Budget Restores Some Funding To Prendergast Library In 2020
It might not be the full restoration of $350,000 in funding, but the Jamestown City Council did double its financing to the James Prendergast Library next year.
On Monday, the council approved its 2020 budget, which included funding the library an additional $40,000.
During the council’s voting session meeting, Anthony Dolce, Ward 2 councilman, moved a resolution, which was approved, to decrease funding for prescription drug claims for current and retired city employees enrolled in the city’s self-insurance health care plan by $150,000.
Earlier this month, Joseph Bellitto, city comptroller, and Sam Teresi, Jamestown mayor, discussed that the cost for prescription drugs next year could be reduced by more than $350,000. Teresi recommended the council only factor in about a $150,000 of the savings because it’s not a guarantee.
Following the decrease of $150,000 in 2020 budget expenditures, Andrew Liuzzo, At-Large councilman, proposed a resolution to fund the James Prendergast Library the $150,000 to help the financially strapped institution. Thomas Nelson, Ward 6 councilman, seconded the resolution, which was not approved by a vote of 2-7, with Nelson and Liuzzo being the only affirmative votes.
Nelson then proposed a resolution to fund an additional $40,000 to the library, for a grand total of $100,000 in the 2020 budget. The city funded the library $50,000 in the 2019 budget. The council then unanimously approved the resolution, which was met with a round of applause by dozens of people who attended the meeting.
Prior to the budget vote, four members of the public spoke in favor of increasing funding to the Prendergast Library.
Library officials are facing a potential cut in state financial aid due to the decrease in funding from the city. The reduction in state aid is a result of Jamestown officials cutting the library’s funding by more than 5% in a two-year period. Because of its own financial issues, city officials cut funding to the Prendergast Library by 50% ($50,000) in 2018 and 71% ($250,000) in 2017.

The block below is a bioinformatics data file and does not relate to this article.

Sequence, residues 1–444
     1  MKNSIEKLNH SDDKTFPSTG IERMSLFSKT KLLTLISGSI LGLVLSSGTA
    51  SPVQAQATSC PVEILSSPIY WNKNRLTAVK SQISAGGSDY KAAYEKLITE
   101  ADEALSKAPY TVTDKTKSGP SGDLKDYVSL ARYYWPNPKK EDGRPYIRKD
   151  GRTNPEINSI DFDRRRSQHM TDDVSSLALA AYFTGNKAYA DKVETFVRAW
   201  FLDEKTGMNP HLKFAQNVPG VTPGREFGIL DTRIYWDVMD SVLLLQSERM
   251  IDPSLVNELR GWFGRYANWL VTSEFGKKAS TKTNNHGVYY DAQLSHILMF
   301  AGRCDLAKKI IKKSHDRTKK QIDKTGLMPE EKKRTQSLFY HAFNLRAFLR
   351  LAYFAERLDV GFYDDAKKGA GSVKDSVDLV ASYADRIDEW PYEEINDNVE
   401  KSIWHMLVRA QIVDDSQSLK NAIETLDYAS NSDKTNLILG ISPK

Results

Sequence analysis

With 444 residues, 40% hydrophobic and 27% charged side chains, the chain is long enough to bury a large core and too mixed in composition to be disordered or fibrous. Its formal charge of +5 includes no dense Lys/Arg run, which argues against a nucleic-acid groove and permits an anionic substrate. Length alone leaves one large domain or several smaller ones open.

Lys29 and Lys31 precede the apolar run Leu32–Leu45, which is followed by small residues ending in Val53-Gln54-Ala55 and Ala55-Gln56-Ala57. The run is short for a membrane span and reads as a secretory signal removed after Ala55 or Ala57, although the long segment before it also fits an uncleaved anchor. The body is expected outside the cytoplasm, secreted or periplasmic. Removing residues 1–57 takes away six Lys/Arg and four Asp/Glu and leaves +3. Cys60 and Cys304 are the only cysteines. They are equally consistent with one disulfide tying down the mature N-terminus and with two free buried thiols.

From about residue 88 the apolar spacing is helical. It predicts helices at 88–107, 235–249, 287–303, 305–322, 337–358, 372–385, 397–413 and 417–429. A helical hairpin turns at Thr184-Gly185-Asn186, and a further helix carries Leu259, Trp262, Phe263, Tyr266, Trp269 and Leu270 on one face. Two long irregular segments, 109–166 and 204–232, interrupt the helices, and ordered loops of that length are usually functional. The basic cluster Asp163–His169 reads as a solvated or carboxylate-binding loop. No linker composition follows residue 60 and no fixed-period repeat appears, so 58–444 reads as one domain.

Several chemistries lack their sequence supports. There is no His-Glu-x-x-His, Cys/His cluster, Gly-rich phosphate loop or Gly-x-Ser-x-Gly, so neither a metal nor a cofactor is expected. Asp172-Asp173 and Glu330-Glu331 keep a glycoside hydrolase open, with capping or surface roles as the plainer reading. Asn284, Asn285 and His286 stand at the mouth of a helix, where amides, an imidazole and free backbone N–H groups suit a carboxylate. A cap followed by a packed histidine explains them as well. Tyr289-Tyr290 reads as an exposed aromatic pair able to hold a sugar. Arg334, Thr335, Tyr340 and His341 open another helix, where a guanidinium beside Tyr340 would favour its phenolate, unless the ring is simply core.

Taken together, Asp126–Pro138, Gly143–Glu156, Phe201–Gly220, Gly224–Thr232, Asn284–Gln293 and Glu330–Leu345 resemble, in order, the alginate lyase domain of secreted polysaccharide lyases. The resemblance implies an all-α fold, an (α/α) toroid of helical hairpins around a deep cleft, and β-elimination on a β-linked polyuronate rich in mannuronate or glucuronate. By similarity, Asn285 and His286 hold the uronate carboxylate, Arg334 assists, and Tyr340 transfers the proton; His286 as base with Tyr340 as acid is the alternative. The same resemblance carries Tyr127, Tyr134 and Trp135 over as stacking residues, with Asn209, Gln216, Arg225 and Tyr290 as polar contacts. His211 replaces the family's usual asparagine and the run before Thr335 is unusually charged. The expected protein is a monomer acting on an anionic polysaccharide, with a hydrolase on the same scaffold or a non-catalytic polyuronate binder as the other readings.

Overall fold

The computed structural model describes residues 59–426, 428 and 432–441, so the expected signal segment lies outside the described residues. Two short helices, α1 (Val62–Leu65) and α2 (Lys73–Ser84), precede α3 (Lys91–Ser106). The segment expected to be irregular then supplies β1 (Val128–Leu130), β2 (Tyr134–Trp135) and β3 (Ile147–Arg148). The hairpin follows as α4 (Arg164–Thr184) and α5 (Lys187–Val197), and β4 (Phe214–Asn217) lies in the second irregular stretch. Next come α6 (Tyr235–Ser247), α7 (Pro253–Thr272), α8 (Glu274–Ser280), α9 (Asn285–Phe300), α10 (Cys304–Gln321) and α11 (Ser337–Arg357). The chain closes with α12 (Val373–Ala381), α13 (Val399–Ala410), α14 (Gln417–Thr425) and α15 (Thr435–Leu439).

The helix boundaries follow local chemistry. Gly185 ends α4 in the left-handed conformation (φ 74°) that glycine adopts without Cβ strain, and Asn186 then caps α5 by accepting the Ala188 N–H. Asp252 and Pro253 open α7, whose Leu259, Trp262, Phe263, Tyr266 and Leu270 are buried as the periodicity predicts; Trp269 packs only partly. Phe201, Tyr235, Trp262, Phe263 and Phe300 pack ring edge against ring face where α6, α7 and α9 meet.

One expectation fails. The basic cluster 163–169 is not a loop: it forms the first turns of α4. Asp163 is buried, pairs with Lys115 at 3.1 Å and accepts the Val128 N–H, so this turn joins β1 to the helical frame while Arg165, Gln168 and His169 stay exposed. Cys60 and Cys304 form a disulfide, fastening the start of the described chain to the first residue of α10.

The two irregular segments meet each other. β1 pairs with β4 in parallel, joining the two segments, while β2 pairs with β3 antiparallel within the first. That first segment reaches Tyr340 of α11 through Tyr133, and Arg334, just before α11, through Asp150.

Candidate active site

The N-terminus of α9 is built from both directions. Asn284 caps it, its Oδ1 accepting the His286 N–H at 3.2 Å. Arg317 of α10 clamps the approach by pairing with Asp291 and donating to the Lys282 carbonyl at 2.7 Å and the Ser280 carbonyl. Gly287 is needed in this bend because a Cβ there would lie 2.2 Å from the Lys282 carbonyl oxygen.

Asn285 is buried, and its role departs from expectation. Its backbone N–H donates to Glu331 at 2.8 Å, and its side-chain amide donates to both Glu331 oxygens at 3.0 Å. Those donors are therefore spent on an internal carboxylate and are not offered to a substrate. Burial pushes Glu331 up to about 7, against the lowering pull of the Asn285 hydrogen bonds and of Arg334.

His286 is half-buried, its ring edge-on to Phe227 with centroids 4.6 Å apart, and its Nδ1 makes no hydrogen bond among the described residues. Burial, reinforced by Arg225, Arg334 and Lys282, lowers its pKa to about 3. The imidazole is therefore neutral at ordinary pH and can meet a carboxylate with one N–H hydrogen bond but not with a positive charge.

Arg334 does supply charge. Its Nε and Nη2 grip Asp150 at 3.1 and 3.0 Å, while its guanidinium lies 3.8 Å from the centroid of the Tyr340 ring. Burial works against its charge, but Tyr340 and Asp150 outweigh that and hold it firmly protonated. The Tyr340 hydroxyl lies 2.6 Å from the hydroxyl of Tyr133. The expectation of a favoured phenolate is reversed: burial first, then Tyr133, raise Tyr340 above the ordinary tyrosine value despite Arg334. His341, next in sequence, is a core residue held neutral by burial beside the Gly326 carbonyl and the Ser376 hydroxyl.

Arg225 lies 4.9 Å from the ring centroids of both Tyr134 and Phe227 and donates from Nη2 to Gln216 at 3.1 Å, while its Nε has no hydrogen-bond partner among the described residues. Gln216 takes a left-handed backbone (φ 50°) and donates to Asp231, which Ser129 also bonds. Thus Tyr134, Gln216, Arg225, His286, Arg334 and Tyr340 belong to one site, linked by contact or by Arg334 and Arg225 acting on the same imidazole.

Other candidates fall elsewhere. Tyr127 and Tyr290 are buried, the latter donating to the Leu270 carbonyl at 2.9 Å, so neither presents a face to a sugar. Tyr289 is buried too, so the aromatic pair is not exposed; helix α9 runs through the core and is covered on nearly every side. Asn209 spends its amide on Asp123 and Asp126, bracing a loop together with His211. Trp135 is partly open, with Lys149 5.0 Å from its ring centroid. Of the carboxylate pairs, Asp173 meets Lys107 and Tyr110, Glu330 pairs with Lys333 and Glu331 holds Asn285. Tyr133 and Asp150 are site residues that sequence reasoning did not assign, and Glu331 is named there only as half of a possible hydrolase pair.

The state is lowering the library’s funding because of the $300,000 in total cuts city officials made in 2017 and 2018. The state’s Maintenance of Effort for Public Library Systems clause tries to ensure that local municipalities fund library operations so the state isn’t the only taxing entity supporting the facility.
Library officials are still awaiting an official word from the state about the cut in aid, but have been told unofficially the cut will occur. If the cut does happen, the state will cut 25% of its funding this year to the library and all of its $111,000 in aid next year.
Earlier this month, Dolce asked Tina Scott, library executive director, how much funding would the city need to provide the library to prevent the state aid cut. Scott said the city would need to restore its funding to the library back to the $350,000 level to prevent the state aid cut.
Even though no official word has come from state officials about the potential state aid cut, library officials are moving ahead with a proposal to ask voters in the Jamestown Public Schools district to approve $350,000 in funding for the library. The vote is scheduled to take place in May. If voters approve funding for the library, the state will not decrease its funding.
The approved 2020 city budget, totaling $36.5 million, will have a tax rate decrease of 16 cents to a total of $23.69 per $1,000 assess property value. According to the state Department of Taxation and Finances, the tax rate is determined by dividing the tax levy by the total taxable assessed value of all property in a jurisdiction.
The proposed tax levy next year will be $27,058 less than it was this year. According to the state Department of Taxation and Finances, the tax levy is the amount raised through property taxes.